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We all have those days. Those days when your patience wears so thin, you feel like your head is going to explode into a million pieces.
The baby had an explosion poo: crap up her back, on her legs, living room floor, and a clean shirt, just as you head out the door to an important appointment.
You just swept the kitchen floor for the fourth time in two hours because your kids insist on throwing their just-prepared food on the floor instead of feeding their tummies.
Your teen responds with a bad attitude when you try to engage in conversation about school, ask for help around the house, or breathe near him.
Some days, it’s not easy to stay calm and composed when you feel like everything around you, even your tatas are headed south.
It’s everything from more intensive parenting styles, higher expectations for our kids’ success, relationship demands, lack of time and support, and financial woes.
You’re not alone.
Research states, “70 percent of U.S. moms say mothering is “incredibly stressful.” Ninety-six percent also feel that we are way more stressed than our mothers were.
I’ve said it before, and I’ll repeat it, mommin’ ain’t easy.
Here are 10 ways to keep your cool and prevent yourself from becoming an exploding head emoji. 🤯
Count your breath
Counting your breath is the quickest way to calm yourself down. Sit in the bathroom, closet, or wherever is a quiet spot in your home, and start counting your breaths. Each time you exhale, that’s “1.” When you get to “5,” start again from “1.” According to Dr. Andrew Weil, breathing activates your parasympathetic system (the one responsible for relaxation) and helps your mind simmer down.
“Practicing a regular, mindful breathing exercise can be calming and energizing and can even help with stress-related health problems ranging from panic attacks to digestive disorders.”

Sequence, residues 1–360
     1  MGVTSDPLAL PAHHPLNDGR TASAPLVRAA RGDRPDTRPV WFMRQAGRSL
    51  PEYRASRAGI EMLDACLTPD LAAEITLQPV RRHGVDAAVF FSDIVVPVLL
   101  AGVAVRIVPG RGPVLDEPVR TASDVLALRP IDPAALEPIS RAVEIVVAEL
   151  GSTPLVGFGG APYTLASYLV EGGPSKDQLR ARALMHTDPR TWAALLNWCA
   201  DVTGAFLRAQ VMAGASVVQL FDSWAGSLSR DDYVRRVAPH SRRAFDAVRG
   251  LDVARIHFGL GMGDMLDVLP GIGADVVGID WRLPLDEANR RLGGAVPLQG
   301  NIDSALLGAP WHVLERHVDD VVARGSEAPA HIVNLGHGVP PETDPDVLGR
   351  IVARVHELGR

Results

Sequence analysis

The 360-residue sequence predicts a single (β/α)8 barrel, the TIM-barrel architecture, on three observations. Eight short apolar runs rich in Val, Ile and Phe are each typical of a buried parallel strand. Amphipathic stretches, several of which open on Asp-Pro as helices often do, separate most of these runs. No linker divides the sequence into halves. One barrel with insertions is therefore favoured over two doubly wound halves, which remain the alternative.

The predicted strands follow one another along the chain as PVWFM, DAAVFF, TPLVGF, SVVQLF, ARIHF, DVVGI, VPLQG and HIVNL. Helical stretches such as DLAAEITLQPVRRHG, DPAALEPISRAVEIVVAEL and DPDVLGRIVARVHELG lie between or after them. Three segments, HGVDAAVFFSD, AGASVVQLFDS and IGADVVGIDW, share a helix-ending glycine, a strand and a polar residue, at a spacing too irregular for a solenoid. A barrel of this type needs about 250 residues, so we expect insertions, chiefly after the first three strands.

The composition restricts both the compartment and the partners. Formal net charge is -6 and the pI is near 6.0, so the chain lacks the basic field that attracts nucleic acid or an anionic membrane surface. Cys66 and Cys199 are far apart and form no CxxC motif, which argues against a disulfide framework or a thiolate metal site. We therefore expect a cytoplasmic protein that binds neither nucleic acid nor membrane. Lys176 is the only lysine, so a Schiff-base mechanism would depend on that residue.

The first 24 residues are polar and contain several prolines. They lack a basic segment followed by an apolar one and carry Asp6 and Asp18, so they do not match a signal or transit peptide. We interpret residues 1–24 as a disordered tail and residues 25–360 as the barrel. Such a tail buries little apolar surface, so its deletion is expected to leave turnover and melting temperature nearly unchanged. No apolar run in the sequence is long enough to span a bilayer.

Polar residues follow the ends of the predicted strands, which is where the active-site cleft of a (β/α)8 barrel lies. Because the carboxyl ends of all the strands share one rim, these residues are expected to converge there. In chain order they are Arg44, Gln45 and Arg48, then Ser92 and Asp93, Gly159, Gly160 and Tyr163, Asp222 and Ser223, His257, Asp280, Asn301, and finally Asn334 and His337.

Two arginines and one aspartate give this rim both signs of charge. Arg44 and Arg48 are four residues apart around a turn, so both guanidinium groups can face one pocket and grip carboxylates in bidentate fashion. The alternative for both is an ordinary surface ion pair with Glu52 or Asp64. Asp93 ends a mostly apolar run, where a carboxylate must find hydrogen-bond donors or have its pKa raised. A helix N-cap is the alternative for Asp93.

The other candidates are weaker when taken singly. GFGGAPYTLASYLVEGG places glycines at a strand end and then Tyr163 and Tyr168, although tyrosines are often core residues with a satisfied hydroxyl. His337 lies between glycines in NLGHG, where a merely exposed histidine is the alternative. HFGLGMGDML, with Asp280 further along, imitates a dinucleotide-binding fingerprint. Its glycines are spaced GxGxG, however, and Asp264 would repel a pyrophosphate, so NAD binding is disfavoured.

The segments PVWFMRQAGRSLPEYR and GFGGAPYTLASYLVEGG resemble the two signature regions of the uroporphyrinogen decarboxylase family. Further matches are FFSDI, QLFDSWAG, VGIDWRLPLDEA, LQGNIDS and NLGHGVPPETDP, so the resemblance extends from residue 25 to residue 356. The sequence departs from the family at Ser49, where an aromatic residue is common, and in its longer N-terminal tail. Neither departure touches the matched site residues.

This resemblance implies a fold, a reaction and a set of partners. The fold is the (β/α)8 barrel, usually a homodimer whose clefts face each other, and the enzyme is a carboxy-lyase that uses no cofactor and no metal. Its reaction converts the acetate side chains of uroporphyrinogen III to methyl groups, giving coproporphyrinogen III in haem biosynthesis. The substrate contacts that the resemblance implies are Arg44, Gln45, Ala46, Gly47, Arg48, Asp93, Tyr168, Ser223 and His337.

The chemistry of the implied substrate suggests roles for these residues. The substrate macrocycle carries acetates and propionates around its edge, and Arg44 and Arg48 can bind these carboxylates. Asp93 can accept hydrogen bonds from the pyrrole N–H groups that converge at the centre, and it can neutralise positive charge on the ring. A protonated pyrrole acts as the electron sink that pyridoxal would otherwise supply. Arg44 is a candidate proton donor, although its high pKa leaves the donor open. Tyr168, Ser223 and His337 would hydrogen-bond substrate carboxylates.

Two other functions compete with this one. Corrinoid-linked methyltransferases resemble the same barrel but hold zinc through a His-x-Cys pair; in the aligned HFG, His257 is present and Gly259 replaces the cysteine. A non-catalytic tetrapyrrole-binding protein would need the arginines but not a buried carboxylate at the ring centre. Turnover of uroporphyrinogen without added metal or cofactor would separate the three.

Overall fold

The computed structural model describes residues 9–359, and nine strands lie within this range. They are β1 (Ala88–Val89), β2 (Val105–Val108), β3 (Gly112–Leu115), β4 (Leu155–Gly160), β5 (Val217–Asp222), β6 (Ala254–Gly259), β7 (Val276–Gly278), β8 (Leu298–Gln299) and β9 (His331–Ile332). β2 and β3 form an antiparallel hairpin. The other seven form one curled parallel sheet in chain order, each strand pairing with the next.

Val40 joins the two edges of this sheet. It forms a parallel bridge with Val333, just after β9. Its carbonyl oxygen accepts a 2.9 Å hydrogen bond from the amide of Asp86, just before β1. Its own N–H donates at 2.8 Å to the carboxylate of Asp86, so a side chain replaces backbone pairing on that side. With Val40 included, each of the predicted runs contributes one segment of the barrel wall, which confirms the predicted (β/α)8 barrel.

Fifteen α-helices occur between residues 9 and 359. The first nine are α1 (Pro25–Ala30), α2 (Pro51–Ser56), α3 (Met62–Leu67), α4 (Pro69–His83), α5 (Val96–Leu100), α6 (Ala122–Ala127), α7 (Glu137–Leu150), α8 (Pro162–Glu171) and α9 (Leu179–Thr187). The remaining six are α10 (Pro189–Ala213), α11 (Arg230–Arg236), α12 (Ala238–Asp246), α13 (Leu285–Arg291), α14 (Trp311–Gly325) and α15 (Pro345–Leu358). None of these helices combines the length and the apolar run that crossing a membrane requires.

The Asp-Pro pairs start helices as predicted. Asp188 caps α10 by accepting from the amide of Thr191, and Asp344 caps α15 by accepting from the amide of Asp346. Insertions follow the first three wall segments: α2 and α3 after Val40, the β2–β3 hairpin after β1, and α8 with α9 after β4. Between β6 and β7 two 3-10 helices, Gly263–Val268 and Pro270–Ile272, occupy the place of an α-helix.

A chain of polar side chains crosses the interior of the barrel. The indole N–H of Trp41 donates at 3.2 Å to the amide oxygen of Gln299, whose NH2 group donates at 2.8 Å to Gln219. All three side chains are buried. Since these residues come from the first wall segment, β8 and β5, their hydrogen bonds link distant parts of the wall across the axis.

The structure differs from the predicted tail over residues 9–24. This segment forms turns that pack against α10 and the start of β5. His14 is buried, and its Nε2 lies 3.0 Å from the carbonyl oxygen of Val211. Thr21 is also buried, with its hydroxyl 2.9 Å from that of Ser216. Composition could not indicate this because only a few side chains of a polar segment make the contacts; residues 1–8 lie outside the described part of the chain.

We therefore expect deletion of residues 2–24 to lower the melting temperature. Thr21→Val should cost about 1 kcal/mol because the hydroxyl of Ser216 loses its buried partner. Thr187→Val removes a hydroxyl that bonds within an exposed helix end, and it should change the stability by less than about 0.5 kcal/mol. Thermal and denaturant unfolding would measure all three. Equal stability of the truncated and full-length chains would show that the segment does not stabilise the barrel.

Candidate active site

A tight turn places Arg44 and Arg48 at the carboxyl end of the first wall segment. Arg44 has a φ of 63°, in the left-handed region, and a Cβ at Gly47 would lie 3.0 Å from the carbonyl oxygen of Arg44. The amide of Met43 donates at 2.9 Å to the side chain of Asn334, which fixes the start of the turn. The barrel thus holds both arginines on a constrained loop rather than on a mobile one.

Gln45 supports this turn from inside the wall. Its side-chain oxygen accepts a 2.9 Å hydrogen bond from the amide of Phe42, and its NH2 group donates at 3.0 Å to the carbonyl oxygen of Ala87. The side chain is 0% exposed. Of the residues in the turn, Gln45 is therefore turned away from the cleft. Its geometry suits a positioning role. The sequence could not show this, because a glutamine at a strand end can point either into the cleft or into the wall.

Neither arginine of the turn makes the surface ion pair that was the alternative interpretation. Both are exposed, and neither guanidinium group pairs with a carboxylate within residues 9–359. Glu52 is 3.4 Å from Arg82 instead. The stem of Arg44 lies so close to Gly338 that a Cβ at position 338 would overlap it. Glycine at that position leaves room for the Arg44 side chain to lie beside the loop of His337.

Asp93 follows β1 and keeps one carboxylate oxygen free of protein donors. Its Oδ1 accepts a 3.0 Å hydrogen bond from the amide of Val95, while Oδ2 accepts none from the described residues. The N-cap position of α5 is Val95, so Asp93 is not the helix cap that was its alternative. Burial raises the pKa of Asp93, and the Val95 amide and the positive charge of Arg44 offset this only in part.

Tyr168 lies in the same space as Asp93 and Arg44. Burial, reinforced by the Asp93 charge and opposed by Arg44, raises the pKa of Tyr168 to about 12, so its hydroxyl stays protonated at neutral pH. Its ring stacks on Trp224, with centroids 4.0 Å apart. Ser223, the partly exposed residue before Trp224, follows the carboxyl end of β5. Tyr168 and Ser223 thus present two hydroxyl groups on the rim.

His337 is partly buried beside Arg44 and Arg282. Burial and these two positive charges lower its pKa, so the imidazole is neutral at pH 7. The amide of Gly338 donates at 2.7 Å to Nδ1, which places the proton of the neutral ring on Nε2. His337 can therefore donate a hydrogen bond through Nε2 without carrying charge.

Andrew Weil, M.D.
Go for a walk outdoors
Walking activates nerve cells in your brain, which help you relax. You see the trees, you get a little fresh air, and you see life hustling around you on a grand scale. When you’re angry and frustrated, sometimes seeing things on a grander scale helps redirect your attention and adjust your perspective. Your kids will benefit from walking around too. If they fight it, pop them in the stroller, and they’ll whisk off to dreamland.
Jump in the car and go somewhere
Sometimes you need to change up your view. Schedule a park play date, visit a local walking path or explore a free museum near you. I like to set two days out of the week to go somewhere other than a stroller ride around our neighborhood – the zoo, museum, forest preserve, a kid’s amusement park, a new library, and a little out of the way.
Dance around the house
Blaring your music and dancing around the house allows you to blow off some steam and genuinely helps to elevate your mood. Nothing takes the edge off more than a little 90s hip-hop blaring through your living room speakers. A little House of Pain, Busta Rhymes, and Salt-N-Pepa is right for your soul. You can dust off those killer dance moves you learned back in the day from MTV’s The Grind. Plus, your kids will be thrilled to have the chance to jump around the house with you.